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Do you plan to live to 100?

Do you plan to live to 100?

In 1900, the average life expectancy of a newborn was 32 years. By 2021 this had more than doubled to 71 years.

And in certain parts of the world, it is now becoming common to live well beyond this, with average life expectancy in Switzerland currently being 83 years.

These increases in life expectancy mean that a number of us may well one day celebrate our 100th birthday, so even if you retire at age 65, current ‘normal retirement age’ in Switzerland, you may need your retirement funds to last three, or even four decades.

With this in mind, here are some essential questions which may help you plan for a comfortable retirement.

When do you plan to retire?
The age at which you retire will impact your future finances. The longer you work, the less time your money will need to last and the greater chance your money, whether pensions or other investments, have to grow. It was not by accident that Einstein quoted that…

“Compound interest is the eight wonder of the world”.

For some it may be appropriate to take a phased retirement and gradually reduce hours by working part-time or on a consultancy basis. This could help alleviate some of the pressure on pension pots while still allowing you to retain the stimulation and social engagement that work offers.

What are your retirement goals and aspirations?

What are your retirement goals and aspirations?

What does retirement look like for you?

What are your life goals and aspirations?

It’s important to assess what lifestyle you expect to lead in retirement, and most importantly, not to underestimate the costs. As the saying goes, “retirement is the longest holiday of your life, and holidays are expensive”.

Of course it is not always easy to determine future expenditure. In the USA they talk about the three stages of retirement being: ‘Go-Go, Slow-Go and No-Go’! Each stage will differ from person to person, which is why it is essential to take professional advice.

Whilst it may be difficult to predict how your needs and goals could change in later years, a professional, fee-based advisor can make use of specific financial planning tools such as personal cashflow modelling to demonstrate the effects of your decisions and events that may be outside your control.

life expectancy

How much income do you need?
The boxer George Foreman famously said, “Its not about what age I want to retire, but at what income”!

The appropriate strategy will depend on your individual circumstances and ambitions for your retirement, and a “one size fits all” approach is unlikely to work. It is only by assessing future expenditure patterns in detail that are you likely to ensure you meet your future financial retirement objectives.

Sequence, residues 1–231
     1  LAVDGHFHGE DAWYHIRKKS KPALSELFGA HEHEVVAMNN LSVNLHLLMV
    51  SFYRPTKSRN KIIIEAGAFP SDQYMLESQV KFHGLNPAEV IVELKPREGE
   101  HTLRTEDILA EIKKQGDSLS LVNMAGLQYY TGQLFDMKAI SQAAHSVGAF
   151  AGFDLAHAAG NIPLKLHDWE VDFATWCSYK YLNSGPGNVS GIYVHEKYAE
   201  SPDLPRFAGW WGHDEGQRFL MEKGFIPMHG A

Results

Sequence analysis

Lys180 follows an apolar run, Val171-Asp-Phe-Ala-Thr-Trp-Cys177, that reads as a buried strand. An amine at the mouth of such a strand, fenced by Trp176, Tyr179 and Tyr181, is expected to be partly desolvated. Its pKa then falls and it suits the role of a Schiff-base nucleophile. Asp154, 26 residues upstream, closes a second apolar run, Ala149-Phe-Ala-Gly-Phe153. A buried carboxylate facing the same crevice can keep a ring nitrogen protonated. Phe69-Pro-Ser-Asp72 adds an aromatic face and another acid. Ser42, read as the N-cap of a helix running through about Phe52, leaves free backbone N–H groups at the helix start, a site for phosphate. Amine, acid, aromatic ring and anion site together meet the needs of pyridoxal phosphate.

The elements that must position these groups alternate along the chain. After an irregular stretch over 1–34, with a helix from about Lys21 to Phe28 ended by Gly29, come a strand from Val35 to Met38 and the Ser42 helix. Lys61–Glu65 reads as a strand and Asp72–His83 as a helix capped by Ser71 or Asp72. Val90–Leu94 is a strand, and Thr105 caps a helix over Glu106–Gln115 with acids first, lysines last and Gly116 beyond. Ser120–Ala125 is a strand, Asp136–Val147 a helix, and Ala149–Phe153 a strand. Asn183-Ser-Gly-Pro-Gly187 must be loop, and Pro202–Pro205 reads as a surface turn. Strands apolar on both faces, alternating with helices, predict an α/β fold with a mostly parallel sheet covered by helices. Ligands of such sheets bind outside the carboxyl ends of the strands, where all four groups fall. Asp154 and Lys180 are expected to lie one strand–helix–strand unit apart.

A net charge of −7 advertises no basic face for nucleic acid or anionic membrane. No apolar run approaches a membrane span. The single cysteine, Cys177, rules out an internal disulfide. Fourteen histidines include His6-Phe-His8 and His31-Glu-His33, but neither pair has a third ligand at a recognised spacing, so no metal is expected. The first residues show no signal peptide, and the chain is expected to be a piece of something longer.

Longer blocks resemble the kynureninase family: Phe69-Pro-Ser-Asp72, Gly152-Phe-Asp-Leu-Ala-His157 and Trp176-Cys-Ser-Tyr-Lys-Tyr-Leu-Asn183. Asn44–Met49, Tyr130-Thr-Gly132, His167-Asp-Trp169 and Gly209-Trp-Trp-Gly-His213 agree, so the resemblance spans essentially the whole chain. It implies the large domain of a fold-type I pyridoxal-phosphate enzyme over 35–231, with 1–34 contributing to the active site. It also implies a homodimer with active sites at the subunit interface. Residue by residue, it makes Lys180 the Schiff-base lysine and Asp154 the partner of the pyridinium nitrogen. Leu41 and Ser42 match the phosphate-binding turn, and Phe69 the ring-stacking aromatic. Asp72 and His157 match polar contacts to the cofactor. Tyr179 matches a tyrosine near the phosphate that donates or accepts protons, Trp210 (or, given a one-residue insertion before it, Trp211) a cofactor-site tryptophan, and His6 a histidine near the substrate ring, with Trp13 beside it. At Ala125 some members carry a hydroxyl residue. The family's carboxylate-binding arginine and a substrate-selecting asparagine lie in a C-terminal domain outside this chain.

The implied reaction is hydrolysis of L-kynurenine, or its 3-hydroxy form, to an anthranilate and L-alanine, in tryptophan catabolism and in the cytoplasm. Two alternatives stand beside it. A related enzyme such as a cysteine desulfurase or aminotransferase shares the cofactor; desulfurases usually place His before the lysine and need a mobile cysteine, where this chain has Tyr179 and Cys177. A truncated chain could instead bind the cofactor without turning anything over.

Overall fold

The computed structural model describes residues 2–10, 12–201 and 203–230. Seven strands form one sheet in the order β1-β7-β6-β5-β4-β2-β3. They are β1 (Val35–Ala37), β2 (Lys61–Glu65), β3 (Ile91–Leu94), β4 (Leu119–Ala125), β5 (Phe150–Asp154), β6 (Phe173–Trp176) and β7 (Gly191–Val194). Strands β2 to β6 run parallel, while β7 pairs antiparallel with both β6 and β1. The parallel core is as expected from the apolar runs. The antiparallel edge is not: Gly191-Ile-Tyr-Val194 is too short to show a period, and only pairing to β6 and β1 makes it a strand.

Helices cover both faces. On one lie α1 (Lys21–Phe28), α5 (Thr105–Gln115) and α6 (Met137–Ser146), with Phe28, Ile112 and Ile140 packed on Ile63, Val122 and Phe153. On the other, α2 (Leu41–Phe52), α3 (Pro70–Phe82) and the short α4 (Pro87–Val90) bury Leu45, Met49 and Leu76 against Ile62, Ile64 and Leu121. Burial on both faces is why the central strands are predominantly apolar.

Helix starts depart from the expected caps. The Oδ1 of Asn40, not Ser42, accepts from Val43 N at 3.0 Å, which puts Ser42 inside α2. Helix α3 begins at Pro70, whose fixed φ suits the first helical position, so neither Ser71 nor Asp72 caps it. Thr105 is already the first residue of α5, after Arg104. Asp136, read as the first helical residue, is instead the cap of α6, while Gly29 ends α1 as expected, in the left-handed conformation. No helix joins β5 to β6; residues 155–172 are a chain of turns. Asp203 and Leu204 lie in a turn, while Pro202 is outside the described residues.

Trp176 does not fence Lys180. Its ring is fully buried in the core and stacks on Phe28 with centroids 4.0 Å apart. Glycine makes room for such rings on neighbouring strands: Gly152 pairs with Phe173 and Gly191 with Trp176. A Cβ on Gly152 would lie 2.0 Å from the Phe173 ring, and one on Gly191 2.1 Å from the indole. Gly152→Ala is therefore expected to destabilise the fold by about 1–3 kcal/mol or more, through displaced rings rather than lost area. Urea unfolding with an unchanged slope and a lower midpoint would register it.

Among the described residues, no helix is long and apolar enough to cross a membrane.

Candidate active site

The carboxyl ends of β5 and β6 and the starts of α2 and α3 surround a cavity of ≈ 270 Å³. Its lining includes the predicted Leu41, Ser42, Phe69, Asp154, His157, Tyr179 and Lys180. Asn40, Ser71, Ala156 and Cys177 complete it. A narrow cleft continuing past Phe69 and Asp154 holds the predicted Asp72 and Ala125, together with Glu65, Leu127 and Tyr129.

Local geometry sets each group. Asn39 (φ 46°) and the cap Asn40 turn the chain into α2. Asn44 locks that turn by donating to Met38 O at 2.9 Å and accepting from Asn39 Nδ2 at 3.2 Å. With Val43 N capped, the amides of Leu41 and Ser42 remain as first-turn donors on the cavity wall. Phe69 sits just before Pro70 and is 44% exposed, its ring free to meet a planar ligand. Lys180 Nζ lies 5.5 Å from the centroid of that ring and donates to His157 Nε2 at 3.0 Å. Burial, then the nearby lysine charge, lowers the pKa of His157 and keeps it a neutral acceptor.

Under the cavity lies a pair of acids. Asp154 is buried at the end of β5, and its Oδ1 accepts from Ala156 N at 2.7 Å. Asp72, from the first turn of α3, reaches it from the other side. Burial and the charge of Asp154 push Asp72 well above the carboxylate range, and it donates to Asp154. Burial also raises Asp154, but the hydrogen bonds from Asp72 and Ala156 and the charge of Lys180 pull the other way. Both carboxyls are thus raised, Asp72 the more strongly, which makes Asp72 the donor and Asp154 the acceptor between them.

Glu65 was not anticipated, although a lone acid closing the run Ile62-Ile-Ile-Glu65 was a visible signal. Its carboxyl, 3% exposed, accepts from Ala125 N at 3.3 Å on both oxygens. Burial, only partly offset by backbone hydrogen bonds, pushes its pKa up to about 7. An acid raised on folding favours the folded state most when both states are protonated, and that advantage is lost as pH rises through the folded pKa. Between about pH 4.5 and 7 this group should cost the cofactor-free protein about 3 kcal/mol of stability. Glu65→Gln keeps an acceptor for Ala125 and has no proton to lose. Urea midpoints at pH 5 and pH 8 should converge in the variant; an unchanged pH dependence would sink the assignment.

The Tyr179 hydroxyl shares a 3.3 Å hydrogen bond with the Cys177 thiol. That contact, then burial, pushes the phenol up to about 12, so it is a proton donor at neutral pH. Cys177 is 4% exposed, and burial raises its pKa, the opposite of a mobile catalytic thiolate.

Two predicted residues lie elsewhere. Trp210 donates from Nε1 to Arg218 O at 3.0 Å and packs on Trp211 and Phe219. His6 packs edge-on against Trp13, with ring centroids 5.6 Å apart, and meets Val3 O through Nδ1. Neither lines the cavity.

How should you invest your money?
Investing for a time frame of 30+ years isn’t easy, especially when you can’t predict future expenditure patterns indefinitely. You may wish to keep a portion of your money invested in shares to give it the opportunity to benefit from long-term stock market growth. However, as shares can depreciate, it is important to first assess your attitude to investment risk.

“Diversification still is the only free lunch in investing.”

Spreading money across other assets, such as bonds and cash, or even alternative investments can help reduce the impact of stock market volatility. The proportion of money allocated to each asset class should be in line with your overall attitude to risk, however.

How can you plan for your later life?
This may be referred to as the ‘No-Go’ stage of retirement, and as we all live longer there is a greater chance that our health may deteriorate and we may need to adapt our properties, pay for nursing care, or move into care homes. Care homes can cost thousands per month, so could majorly impact on your wealth.

How can you avoid running out of money?

How can you avoid running out of money?

For most people approaching retirement, this is the question that is most likely to cause sleepless nights.

It is a question that can best be answered by a personalised, comprehensive quantitative financial analysis.

It is only by quantifying the future value of assets you currently have, adding to those you may acquire by retirement (pensions, savings etc) and comparing this against future expenditure, that you can accurately ensure your capital will outlast you, rather than the other way around.

It’s also important to examine potential routes to reduce the amount of income tax paid and the amount of inheritance tax your estate may owe upon death. For some people, downsizing their home or using equity release products may be appropriate – however, there are risks involved.

Do you want to leave a legacy?
Many people want to leave a legacy for their loved ones but funding a 30-year retirement plan and passing on wealth is not always easy, which is why it is important to plan early. Writing a will and structuring investments tax-efficiently are just some of the steps you need to consider.

Beware however the liquidity trap, not leaving yourself with enough readily available capital to meet the varying needs of retirement.

Next steps
As a firm of fee based financial planners with decades of experience in advising expatriates in Europe, we can help you ensure that your wealth lasts throughout your retirement, no matter how long that may be.

Make an appointment now

At Blackden Financial we have been advising our clients in Switzerland for the past two decades on just such decisions, so for a no obligation meeting call, +41 22 755 0800, by e mail info@blackdenfinancial.com or complete our Contact Form here

One of our team will contact you and arrange a suitable time to discuss how our service can work for you, and how to get the ball rolling.

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